Another major etiological event in aging muscle is low-grade chronic inflammation, or the so-called inflamm-aging phenomenon.24 The inflammatory response is also a common denominator of major diseases such as diabetes, obesity and cancer.25 This event has been proposed to arise due to an overall condition of oxidative stress, which activates signaling pathways, such as the nuclear factor-κB-driven (NF-κB) transcriptional response. The resulting production of pro-inflammatory cytokines and ROS further augment this perturbed oxidative redox state, leading to a vicious cycle.
The nutrient-sensing insulin/IGF-1/mTOR pathway is a highly conserved pathway in evolution that is involved in the regulation of cell growth, survival, and energy metabolism.26 The kinase Akt plays an important role in this pathway, as Akt stimulates (i) protein synthesis by activating the kinase mTOR and glycogen synthase kinase 3β (GSK-3β) and (ii) protein degradation by repressing the transcription factor FoxO.7, 27 This insulin/IGF-1/mTOR network also plays a complex role in the aging process. In the case of muscle growth, the pathway is activated, whereas reduced signaling has been associated with longevity, both in humans and model organisms.28
While the above processes all have supporting evidence for their involvement in the aging phenomenon, there are also reports that have raised questions about their participation in this process. To attempt to consolidate the current picture regarding skeletal muscle aging, we have analyzed four distinct species with vastly different lifespans, i.e., humans, monkeys, rats and mice, to identify genetic pathways that are commonly regulated. Conserved pathways are of specific interest because they may reveal molecular mechanisms intrinsic to aging, which ultimately play a major role in modulating human health and lifespan. A particular strength of this study is the inclusion of multiple age-groups that span the comparative life stages across species, and the involvement of an advanced-age group, which allows for the detection of gradually changing molecular events and those that occur strictly later in life.
Age-related differences in body composition among species
Aging has been associated with alterations in body composition in various species, including humans, and such changes can promote adverse health outcomes and retard successful aging. We determined the effects of aging on bodyweight and body composition across four different species—C57Bl/6J male mice, Fischer 344 male rats, male rhesus monkeys, and male humans—at three different ages chosen to represent similar stages during their respective lifespans (see below), broadly defined as young, middle-aged and old (Table 1). All species were heavier at middle and old age compared to their young counterparts, although no significant difference in bodyweight was observed for humans between the middle and old age classifications (Table 1). We note that in humans one individual was an outlier for these parameters, and excluding that participant from the analysis indicates a statistically significant difference, similar to what is seen for mice, rats and monkeys, i.e., higher weight at middle and old age relative to young.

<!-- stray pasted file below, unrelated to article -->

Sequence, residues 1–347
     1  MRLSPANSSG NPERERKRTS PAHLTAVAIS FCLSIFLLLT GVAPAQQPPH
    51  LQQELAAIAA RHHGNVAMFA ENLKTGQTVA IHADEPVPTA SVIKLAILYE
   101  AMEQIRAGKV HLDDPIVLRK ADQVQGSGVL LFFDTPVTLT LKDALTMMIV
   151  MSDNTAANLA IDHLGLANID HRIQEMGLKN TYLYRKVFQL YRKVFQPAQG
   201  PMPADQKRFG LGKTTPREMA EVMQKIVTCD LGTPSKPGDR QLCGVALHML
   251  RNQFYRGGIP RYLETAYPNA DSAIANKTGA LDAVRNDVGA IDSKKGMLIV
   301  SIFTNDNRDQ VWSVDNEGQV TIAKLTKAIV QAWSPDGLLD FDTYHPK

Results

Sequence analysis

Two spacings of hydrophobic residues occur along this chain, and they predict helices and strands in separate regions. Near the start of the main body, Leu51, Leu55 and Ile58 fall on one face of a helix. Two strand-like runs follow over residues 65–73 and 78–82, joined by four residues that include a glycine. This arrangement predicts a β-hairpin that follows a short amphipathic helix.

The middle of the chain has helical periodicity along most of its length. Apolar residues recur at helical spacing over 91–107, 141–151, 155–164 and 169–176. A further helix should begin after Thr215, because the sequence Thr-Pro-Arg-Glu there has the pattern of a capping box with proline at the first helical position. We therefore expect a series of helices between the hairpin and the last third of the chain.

Contrary to our expectations, middle-aged mice had higher percentage fat mass and lower percentage muscle mass compared to young mice, whereas old mice exhibited lower percentage fat mass and higher percentage lean mass (Table 1). However, when lean mass was not normalized to bodyweight, a significant decrease in lean mass was observed in old mice compared to young (20.3 g ± 1.23 young vs. 18.94 g ± 0.83 old). In agreement with these data, wet mass of hindlimb muscles (soleus, plantaris, gastrocnemius, tibialis, and extensor digitorumlongus) were lighter in old mice compared to young (Fig. S1). In rats, our data indicate that fat mass increases with age, while lean mass decreases. A similar pattern is observed for rhesus monkeys, comparing middle and old aged animals, and for humans, as measured by muscle thickness (Table 1). Consistent with previous studies,16, 29,30,31 our results show that muscle mass among all species declines with age (Table 1). Most striking was the fat mass distribution between mice as compared to rats, rhesus monkeys, and humans; old mice have lower fat mass compared to their younger counterparts (Table 1). Therefore, in terms of body composition, humans seem to be most closely related to their nearest evolutionary counterparts.
Common signature across species indicative of disruptive mitochondrial homeostasis
Next, we determined whether age modifies the gene expression profile in skeletal muscle of mice, rats, and rhesus monkeys in a pattern similar to what is observed in humans. We emphasize again that the three age groups selected (young, middle, and old) fall at similar time points along the lifespan curves of each organism (Fig. 1a, b). Principle component analysis (PCA) revealed a very distinct separation of the three age groups among each species for genes (Fig. 1c) and pathways (Fig. 1d). Notably, young animals/humans are more closely related to their middle-aged counterparts than to old individuals, and this pattern is consistent among all species studied. The pattern is also consistent with the idea that young and middle-aged groups fall closer to each other on the lifespan trajectory than the middle-aged and old groups (Fig. 1a, b).